contemplation |ˌkäntəmˈplā sh ən|noun:
- the action of looking thoughtfully at something for a long time
- deep reflective thought
- the state of being thought about or planned.
- religious meditation (In Christian spirituality: a form of prayer or meditation in which a person seeks to pass beyond mental images and concepts to a direct experience of the Divine).
- Origin: 16th century Latin word ‘contemplatio.’ The verb form, ‘contemplari’ contains the root ‘templari,’ which means ‘a place for observation.’
I unashamedly love using the simple dictionary program on my laptop to look up the definition of words, especially their Latin root meanings. It must be something about the precision of words, and how their usage flows together to create a meaningful sense of what something is.
A few weeks ago, Curtis Love lead our community in an experience designed to simply create space for us to experience the presence of Jesus in our lives. He melded images from Chris Gollon’s modern Stations of the Cross installation in the Church of St. John on Bethnal Green in London with simple Scriptural texts accompanying provocative questions designed to help us walk alongside Jesus in the final hours of his life.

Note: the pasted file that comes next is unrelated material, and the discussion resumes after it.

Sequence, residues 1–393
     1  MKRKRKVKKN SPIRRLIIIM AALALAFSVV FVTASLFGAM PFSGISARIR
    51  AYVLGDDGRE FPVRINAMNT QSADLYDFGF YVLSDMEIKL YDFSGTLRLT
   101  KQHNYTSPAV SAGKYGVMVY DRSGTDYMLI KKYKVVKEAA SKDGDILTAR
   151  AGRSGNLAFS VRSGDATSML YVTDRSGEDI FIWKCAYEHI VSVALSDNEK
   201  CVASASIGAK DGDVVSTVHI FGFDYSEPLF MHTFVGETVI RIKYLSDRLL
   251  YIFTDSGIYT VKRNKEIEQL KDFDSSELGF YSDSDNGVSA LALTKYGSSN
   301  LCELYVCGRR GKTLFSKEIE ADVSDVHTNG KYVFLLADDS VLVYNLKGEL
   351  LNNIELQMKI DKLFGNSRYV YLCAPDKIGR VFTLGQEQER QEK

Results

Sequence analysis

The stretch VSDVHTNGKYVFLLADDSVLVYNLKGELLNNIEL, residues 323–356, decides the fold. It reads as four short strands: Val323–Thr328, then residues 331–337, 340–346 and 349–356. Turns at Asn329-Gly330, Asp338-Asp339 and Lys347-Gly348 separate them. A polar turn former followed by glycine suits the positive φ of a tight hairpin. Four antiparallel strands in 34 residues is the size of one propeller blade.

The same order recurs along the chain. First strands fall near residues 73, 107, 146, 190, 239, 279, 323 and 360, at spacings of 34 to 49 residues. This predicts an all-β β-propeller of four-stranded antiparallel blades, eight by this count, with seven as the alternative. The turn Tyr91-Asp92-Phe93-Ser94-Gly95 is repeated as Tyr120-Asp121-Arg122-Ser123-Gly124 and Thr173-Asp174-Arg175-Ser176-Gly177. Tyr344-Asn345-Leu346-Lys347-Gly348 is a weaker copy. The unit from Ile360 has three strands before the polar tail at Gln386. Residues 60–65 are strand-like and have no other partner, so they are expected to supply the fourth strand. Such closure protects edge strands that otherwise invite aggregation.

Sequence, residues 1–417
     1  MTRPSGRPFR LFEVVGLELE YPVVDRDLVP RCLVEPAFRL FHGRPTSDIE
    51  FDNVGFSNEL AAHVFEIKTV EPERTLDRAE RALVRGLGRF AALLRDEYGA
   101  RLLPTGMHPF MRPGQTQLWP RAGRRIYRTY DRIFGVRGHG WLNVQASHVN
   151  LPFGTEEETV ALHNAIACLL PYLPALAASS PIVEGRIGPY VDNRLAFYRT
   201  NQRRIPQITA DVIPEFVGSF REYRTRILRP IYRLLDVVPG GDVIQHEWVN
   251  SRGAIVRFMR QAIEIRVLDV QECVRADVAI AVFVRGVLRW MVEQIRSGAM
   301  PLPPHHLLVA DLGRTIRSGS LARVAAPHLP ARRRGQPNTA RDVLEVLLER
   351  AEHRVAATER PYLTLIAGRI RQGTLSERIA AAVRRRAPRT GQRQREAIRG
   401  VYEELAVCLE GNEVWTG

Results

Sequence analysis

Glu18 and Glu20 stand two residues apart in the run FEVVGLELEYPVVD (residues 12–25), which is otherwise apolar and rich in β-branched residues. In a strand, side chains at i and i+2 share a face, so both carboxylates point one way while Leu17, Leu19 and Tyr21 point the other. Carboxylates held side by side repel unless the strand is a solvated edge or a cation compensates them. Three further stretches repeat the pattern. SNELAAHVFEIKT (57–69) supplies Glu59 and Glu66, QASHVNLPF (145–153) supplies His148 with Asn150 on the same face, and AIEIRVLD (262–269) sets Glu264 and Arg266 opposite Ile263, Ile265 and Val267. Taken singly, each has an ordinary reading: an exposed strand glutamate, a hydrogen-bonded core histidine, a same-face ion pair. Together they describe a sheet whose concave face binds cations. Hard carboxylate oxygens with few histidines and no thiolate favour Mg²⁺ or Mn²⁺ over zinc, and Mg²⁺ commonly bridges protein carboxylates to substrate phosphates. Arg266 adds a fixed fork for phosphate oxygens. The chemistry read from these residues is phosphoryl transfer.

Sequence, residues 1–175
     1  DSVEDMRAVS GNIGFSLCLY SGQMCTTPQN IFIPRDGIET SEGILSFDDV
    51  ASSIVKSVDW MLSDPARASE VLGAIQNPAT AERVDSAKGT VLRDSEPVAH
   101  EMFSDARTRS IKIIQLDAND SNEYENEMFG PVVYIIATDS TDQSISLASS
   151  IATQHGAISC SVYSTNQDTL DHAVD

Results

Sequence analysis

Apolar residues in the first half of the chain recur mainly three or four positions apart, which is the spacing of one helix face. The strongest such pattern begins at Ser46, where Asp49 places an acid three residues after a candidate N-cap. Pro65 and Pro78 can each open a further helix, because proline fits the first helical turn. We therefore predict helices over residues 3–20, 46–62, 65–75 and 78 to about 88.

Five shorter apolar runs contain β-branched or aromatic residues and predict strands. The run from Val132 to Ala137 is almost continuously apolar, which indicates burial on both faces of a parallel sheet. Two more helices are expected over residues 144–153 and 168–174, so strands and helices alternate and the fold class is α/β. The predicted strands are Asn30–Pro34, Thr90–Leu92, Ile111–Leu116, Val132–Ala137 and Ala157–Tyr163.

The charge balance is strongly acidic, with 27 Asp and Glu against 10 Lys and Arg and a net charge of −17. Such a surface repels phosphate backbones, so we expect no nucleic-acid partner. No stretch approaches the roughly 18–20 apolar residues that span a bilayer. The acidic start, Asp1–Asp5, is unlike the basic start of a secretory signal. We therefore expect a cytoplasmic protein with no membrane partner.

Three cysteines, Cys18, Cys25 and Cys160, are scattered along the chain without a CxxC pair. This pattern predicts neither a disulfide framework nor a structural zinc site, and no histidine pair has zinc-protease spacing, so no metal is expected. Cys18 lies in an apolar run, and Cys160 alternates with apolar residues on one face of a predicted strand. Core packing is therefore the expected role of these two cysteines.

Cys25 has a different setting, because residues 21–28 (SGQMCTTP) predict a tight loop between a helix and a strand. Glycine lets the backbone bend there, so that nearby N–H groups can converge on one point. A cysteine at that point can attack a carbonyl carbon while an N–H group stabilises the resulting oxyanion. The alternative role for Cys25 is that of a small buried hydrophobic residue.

The Stations of the Cross are a common means of contemplation for much of the Church globally, particularly the Roman Catholic and more High Church portions of our faith family. What I love about them correlates directly with the definition of contemplation as described above: They allow for a ‘place of observation’ and the cultivation of a deliberate desire to directly experience the Divine. In other words, opening our hearts (the creation of internal space, in the place the Spirit of God actually ‘resides’ within us) through the creation of a physical space + journey we undergo (walking + meditating on the journey Jesus undertook as He headed towards the cross).
All who participated agreed that this was a sorely needed breath of fresh air in our lives that evening. Maybe we all need to give greater credence to the creation of places of observation in our lives.
(Each week I will attempt to post a story or reflection about some aspect of the work that our missional community, NieuCommunities South Africa, is currently engaged in here in Pretoria. I’ll simply attempt to answer the question, ‘What stories are you co-writing with God in South Africa, and how does this story fulfill your unique mandate to apprentice South African leaders into sustainable mission around the globe?’)